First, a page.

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BY COLUMNISTS

| Joe Charlebois | Guest Columnist | Harry M. Covert | Norman M. Covert | Hayden Duke | Jason Miller | Ken Kellar | Patricia A. Kelly | Edward Lulie III | Tom McLaughlin | Patricia Price | Cindy A. Rose | Richard B. Weldon Jr. | Brooke Winn |

DOCUMENTS


The Tentacle


May 14, 2008

A Failure to Communicate

Tom McLaughlin

In my last column, I said I would contact Black leaders to try to answer my questions about the perceived new relationship between Blacks and Whites. I didn’t. The reason is lack of courage.

 

I am afraid I would damage my relationship with them. Yes, a coward with a big yellow streak down my back. I did not want to admit to them I did not understand and lose their valuable friendship. I thought I knew where I was, my emotions, my sense of empathy and my righteous anger.

 

I feel like I am heading out to sea in a storm. Or, maybe I don’t like meeting people, even friends, with a question unless I know the answer. Here are some things I do know and they remain part of my core values.

 

A reader asked about “gangsta” rap. There is no doubt in my mind that it has a negative effect on both Blacks and Whites. No woman is a whore, or hoe, or, however, you say it. A lady, who struggles to raise children in near impossible conditions, drags herself home after working at a menial job, does not deserve that label. Nobody does.

 

Several Black leaders have approached the artists of these “songs.” and asked them to change or modify their tune. But there is just too much money involved. Both Black and White children buy the stuff, and it’s a multi-million dollar industry. Does it affect perceptions? Of course, it does. The way Whites view Blacks and the way Blacks view themselves.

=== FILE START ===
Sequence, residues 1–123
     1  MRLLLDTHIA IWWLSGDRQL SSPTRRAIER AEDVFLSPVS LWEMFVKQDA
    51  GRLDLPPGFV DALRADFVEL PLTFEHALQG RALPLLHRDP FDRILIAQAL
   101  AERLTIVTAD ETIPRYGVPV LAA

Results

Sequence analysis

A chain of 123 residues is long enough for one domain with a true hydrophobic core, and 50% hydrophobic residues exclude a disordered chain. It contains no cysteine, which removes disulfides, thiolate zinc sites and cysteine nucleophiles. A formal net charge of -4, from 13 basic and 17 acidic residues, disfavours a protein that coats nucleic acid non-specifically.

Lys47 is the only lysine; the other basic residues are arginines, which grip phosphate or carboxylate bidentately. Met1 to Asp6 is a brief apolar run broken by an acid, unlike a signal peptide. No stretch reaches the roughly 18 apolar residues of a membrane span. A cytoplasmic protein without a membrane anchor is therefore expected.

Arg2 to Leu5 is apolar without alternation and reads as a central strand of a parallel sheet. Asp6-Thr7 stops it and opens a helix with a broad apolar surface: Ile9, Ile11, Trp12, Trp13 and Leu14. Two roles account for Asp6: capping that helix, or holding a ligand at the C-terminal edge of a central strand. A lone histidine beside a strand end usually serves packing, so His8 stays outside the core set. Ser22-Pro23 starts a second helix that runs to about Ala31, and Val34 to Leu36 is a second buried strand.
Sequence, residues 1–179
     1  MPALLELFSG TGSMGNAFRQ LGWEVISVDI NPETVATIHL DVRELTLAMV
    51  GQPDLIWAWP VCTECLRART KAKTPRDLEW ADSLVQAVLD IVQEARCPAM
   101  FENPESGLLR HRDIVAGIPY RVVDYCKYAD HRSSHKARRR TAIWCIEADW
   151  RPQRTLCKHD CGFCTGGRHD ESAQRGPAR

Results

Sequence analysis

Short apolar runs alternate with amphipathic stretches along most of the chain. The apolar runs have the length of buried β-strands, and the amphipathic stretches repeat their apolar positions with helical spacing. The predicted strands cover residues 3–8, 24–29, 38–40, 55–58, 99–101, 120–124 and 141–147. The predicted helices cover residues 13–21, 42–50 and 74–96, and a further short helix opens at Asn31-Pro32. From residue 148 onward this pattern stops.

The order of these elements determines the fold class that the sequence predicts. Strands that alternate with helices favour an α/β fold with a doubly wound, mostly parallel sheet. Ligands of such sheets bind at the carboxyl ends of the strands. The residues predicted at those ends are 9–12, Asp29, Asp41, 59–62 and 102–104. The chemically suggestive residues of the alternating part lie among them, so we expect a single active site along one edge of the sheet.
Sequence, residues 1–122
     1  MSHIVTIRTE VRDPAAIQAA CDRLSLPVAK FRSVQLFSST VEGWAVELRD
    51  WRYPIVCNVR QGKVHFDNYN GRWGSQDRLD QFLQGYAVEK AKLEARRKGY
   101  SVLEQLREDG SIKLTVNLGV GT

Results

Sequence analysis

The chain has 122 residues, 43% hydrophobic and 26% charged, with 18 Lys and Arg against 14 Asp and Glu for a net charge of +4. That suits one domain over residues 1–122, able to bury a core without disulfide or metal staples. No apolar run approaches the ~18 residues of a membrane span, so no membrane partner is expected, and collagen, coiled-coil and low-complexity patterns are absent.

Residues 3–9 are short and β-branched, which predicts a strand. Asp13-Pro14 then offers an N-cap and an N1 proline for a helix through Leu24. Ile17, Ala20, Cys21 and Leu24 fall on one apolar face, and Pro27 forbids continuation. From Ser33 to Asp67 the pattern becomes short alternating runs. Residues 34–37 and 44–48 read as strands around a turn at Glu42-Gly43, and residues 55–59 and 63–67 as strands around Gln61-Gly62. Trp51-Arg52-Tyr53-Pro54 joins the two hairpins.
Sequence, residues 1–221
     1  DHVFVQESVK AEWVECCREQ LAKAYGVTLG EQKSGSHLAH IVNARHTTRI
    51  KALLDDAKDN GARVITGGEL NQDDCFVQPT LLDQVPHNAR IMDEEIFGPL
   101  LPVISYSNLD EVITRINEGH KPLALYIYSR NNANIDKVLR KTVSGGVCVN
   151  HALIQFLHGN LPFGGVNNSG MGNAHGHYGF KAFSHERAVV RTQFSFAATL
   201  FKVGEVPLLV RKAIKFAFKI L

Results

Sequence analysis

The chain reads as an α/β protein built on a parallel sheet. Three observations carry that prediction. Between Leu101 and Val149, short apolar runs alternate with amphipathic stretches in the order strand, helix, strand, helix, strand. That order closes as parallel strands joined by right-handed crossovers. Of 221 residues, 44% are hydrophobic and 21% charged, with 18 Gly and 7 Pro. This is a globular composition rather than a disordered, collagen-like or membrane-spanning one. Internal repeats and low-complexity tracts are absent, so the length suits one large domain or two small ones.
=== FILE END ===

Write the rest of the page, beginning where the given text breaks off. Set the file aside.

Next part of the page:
Another reader asked about poverty. Jobs do make a difference. A McDonald’s opened in Harlem and there was a line of job applicants that stretched around a few blocks. In New York, those blocks are big. A study showed that 75% of those who secured employment advanced to other positions such as assistant managers and then managers in the food and retail industry. I think 75% is a lot.

 

I have a love/hate relationship with Wal-Mart. In Worcester County, which has the highest unemployment rate in Maryland, it provides a job, low paying and menial at best, but a job. However, you won’t find any people of color working there.

 

In Ocean City, they import White workers from overseas. First it was the Irish, but when their economy exploded, the town fathers went to Eastern Europe to secure workers. Here, at a place where there is such high unemployment among people of color. You can bet they won’t go to the Congo seeking people.

 

I asked one restaurant owner why they wouldn’t hire locals. They said they tried. I asked if they would hire Blacks to do things other than take out the trash. No answer.

 

Another reader pointed out that education is the tool whereby Blacks will be able to advance from poverty. This is true. However, when home life and economics do not allow for the purchase of books, magazines and newspapers to encourage reading, and when many parents cannot read themselves, this continues to foster the lack of educational values. It is a vicious cycle.

 

Soon, this September, Worcester County will open its first vocational school thanks to Commission President Virgil Shockley, a good Democrat. Hopefully, this will lift many out of the cycle, providing training for high paying jobs in the service sector.

 

I will try to get my courage up over the next few weeks, knock on doors and ask the tough questions. Until then, please keep your e-mails coming. I haven’t answered them because I am too embarrassed to admit I haven’t done my part. Thanks for doing yours.



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